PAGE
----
I took a bit of a hiatus from writing. My break was partially due to the last article I wrote, as it was a bit long and arduous. I am going to try to refrain from writing tl;dr articles from now on. Most of our articles and posts have to do with chronic disease, but this is not to discount some of the most abundant issues we see each day. Low back pain (LBP) is probably the number one reason why patients come to see us, or any chiropractor, for that matter. For today’s post, I wanted to write a little bit about what is going with LBP and how Ozark Holistic Center can help.
If you suffer from low back pain, then please get in touch with our Fayetteville holistic health center to schedule an appointment. We provide chiropractic treatment, nutritional counseling, and a number of other services that can help you feel your best. Read on to learn more about natural back pain relief and how natural treatments can help you get back to pain-free living.
Huge Issue for Many
Low back pain is one of the most prevalent musculoskeletal issues in the world today. It is probably safe to say we all know someone who has low back pain, or back pain in general. Many of these cases are chronic, which means that the pain has lasted for more than three months. That being said let’s talk a little bit about what LBP is not. Too many people are diagnosed with LBP and we see the opposite of the placebo effect, the nocebo. This is one of the biggest reasons why low back pain becomes chronic. A patient is told they blew their discs in their back, they are shown an MRI that proves that a disc has been blown, and then they are told to be careful for the rest of their lives. This chain of events causes an overprotective mechanism which leads to chronic pain and debilitation. Research has shown that diagnostic imaging is rather detrimental in most cases and is rarely needed. In fact, X-rays and MRIs have shown disc bulges, protrusions, and degeneration in patients who do not have any symptoms, including pain. This means that what we see in diagnostic imaging tests does not necessarily reliably indicate pain. Yes, this flies in the face of what others have said, but it’s true.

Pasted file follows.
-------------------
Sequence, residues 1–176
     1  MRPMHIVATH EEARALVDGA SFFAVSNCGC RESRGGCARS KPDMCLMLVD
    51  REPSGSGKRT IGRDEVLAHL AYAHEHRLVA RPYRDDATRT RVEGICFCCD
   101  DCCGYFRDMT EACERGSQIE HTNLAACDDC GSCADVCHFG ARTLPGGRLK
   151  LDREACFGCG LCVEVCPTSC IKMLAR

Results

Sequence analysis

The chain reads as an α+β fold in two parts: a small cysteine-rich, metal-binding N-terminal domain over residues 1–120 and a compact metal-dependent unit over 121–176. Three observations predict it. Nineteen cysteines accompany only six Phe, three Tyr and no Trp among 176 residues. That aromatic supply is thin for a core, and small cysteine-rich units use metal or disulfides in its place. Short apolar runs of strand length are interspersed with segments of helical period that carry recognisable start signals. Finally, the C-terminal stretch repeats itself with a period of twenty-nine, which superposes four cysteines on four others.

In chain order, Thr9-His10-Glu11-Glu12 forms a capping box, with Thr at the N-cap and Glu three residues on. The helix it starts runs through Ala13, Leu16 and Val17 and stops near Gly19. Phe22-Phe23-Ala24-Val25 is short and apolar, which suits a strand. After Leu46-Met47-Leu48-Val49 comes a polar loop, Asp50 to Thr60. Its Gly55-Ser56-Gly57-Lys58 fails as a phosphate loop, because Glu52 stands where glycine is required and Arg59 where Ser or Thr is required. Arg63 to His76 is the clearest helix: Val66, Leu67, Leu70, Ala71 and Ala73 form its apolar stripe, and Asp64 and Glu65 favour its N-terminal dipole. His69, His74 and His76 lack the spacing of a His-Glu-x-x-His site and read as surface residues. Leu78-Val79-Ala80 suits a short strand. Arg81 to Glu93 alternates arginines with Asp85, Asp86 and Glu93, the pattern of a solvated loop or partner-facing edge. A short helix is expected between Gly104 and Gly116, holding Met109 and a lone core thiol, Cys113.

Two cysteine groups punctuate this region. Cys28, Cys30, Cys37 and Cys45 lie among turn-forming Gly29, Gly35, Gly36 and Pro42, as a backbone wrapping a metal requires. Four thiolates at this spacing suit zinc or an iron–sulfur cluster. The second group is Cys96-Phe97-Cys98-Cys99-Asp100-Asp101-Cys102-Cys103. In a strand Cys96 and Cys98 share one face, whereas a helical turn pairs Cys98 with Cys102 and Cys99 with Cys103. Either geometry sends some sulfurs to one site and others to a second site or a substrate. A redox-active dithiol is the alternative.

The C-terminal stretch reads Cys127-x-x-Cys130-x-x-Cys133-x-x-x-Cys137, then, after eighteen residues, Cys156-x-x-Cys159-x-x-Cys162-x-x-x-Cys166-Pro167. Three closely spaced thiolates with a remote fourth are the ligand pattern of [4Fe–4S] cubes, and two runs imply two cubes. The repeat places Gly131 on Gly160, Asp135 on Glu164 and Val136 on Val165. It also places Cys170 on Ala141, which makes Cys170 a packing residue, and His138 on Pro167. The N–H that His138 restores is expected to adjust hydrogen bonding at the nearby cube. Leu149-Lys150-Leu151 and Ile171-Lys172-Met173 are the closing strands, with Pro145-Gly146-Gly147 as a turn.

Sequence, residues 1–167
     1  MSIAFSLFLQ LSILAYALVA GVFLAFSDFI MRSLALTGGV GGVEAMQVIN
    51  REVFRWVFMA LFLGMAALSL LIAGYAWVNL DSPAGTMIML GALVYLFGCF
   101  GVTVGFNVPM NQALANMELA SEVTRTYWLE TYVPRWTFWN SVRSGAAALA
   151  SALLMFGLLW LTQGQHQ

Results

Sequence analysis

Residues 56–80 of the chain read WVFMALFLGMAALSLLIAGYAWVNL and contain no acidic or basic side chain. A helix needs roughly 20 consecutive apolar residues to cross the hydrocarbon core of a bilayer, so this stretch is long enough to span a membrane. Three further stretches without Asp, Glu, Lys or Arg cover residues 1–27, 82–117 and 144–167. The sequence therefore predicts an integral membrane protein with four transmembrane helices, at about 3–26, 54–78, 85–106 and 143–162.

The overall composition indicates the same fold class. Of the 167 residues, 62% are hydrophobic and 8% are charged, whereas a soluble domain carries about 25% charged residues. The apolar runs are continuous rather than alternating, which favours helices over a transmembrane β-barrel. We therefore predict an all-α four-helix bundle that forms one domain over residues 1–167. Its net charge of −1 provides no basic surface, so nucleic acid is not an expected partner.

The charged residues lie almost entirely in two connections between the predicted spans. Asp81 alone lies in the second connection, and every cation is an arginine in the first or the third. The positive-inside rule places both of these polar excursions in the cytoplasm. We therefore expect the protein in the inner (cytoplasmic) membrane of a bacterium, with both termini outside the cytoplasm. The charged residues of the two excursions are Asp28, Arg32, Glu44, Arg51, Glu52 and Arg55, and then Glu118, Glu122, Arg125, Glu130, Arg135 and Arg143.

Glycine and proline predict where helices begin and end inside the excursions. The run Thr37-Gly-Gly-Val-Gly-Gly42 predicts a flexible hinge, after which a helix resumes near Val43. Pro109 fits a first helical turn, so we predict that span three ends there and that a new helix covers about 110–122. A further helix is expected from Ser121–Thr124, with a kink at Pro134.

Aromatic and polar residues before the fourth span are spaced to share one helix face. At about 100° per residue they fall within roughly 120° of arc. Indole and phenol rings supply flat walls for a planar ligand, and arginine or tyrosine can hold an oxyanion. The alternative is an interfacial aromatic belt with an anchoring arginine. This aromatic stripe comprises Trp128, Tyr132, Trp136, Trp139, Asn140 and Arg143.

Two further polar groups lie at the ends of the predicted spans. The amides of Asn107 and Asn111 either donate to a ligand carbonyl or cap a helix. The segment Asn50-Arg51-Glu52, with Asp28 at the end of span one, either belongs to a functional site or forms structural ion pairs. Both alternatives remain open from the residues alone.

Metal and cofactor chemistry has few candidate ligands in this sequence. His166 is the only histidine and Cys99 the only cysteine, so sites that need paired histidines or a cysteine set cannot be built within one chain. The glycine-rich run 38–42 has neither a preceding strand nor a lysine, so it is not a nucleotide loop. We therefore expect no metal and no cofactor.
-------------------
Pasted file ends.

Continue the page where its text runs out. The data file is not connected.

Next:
If you get anything out of this article, let it be that the human body is fearfully and wonderfully made. The back is robust and can take a beating. I never want to limit my clients’ mobility, and I always promote the value of an active lifestyle. I encourage compound movements like deadlifts, *gasp!* Often, these exercises and movements strengthen the back. Furthermore, if a client is experiencing pain, movement can override the pain fibers. This is the reason why we vigorously rub our fingers after smashing it in the door. Back pain can get better, and in most cases, it does, even without intervention. If that is so, then why should we do anything about it? It is true that many back pain treatment plans span the length of time that it takes for your body to heal itself. So, who’s to say it was the intervention that helped the body heal? It could just as easily have been the body repairing itself. This is the reason why I’m writing today’s article.